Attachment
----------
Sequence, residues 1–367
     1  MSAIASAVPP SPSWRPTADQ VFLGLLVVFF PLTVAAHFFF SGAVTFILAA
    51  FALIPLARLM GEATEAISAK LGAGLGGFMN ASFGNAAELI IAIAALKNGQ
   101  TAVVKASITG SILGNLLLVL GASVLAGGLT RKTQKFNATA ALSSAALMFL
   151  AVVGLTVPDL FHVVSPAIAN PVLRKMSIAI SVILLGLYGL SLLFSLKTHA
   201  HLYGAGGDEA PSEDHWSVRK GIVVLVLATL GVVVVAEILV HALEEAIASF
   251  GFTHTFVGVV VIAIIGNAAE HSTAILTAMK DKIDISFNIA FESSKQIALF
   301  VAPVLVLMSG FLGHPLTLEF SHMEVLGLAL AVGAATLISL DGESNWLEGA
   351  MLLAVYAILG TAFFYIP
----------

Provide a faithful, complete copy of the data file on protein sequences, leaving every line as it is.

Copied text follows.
Sequence, residues 1–367
     1  MSAIASAVPP SPSWRPTADQ VFLGLLVVFF PLTVAAHFFF SGAVTFILAA
    51  FALIPLARLM GEATEAISAK LGAGLGGFMN ASFGNAAELI IAIAALKNGQ
   101  TAVVKASITG SILGNLLLVL GASVLAGGLT RKTQKFNATA ALSSAALMFL
   151  AVVGLTVPDL FHVVSPAIAN PVLRKMSIAI SVILLGLYGL SLLFSLKTHA
   201  HLYGAGGDEA PSEDHWSVRK GIVVLVLATL GVVVVAEILV HALEEAIASF
   251  GFTHTFVGVV VIAIIGNAAE HSTAILTAMK DKIDISFNIA FESSKQIALF
   301  VAPVLVLMSG FLGHPLTLEF SHMEVLGLAL AVGAATLISL DGESNWLEGA
   351  MLLAVYAILG TAFFYIP